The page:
The Electronic Privacy Information Center (EPIC) recently released a report on the current state of privacy, outlining how current state laws fail to protect citizens.
EPIC recently evaluated 14 states that have passed consumer privacy laws. None of those 14 states earned an A, and nearly half failed.
Many companies select and store consumer data. While this isn’t necessarily nefarious, companies can be at risk of a cyberattack or data leak, which can result in mass amounts of data being sold or exposed.
Currently, most states have industry-friendly laws that allow companies to collect data without much limitation. Furthermore, lobbyists from Amazon, Meta, Microsoft, Google, and other tech giants impact many privacy laws, resulting in weaker regulations.
The state doing the best, California, earned a B+ rating. EPIC granted this high score because California does the following: has a privacy agency, a one-button push deletion mechanism, and allows consumers to hold companies accountable in court for data breaches.
Some states earned an F rating, including Texas, Indiana, Virginia, Utah, Tennessee, and Iowa. EPIC cited the low ratings were because of the following reasons:
Companies aren’t held accountable for breaking the law.
Companies can collect any data they want and use it how they want.
It is difficult and tedious for consumers to opt out of data collection
While the data likely doesn’t spark confidence in consumers, EPIC believes states can change course. The organization believes a strong consumer privacy law would:
Impose data minimization obligation on companies. Entities would have to limit their data collection to better match consumer expectations.
Strictly regulate all uses of sensitive data, including health data, biometrics, and location information.
Establish civil rights safeguards and prevent harmful profiling of consumers.
Provide enforcement and regulatory powers to ensure rules are followed.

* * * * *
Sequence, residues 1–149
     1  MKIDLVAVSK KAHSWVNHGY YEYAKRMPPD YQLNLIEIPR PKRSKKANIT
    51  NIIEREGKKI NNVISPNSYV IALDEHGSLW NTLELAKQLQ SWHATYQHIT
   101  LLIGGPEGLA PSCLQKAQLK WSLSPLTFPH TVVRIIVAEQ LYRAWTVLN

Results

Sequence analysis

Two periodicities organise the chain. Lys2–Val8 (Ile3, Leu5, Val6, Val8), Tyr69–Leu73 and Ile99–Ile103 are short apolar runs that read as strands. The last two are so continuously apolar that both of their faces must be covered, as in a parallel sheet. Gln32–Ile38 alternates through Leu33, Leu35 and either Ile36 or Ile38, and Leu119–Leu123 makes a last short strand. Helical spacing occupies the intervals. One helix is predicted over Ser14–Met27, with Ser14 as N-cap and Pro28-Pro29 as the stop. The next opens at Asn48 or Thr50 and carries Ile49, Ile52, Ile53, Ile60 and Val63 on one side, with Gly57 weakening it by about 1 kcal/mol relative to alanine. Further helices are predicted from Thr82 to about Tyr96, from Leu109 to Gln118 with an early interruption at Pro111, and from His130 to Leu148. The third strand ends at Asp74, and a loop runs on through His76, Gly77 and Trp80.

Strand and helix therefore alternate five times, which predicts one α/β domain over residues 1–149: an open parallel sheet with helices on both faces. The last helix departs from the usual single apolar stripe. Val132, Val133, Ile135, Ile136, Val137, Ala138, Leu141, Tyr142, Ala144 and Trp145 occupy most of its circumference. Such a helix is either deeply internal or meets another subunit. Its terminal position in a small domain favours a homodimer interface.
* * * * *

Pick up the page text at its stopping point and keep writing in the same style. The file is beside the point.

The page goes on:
Ensure consumers can hold companies accountable for violations in court.
Why it matters
Americans are becoming more privacy-aware, especially as cyber-attacks and data leaks become more prevalent. Companies now face more class-action suits and public criticism for failing to keep data safe.
If states can enact stronger privacy laws, it can hopefully end some of the ambiguity consumers face and create clearer standards and accountability for companies.
What was said
In the executive summary, report writers Caitriona Fitzgerald, Kara Williams, and R.J. Cross, wrote, “Despite data collection and sales being a multi-billion-dollar industry propagated by some of the most powerful companies in the world, the U.S. has no federal privacy law.” While many states are passing laws that aim to protect privacy, most are falling short. “These laws largely fail to adequately protect consumers.”
EPIC remains hopeful that progress can be made, “A better future is possible.” The organization stated that some states, including Illinois, Maine, Massachusetts, and Maryland are in the process of creating strong legislation. “We can have a strong technology sector while also protecting personal privacy. And states can lead the way.”
The big picture
Our growing online environment has spawned increased privacy concerns that aren’t easily resolved. It will take time for legislation to catch up to the needs of consumers. Even so, it’s important for legislators to create privacy laws independently without the pressure of tech giants. As more states begin to create legislation, some states will likely develop stronger laws to better protect consumers.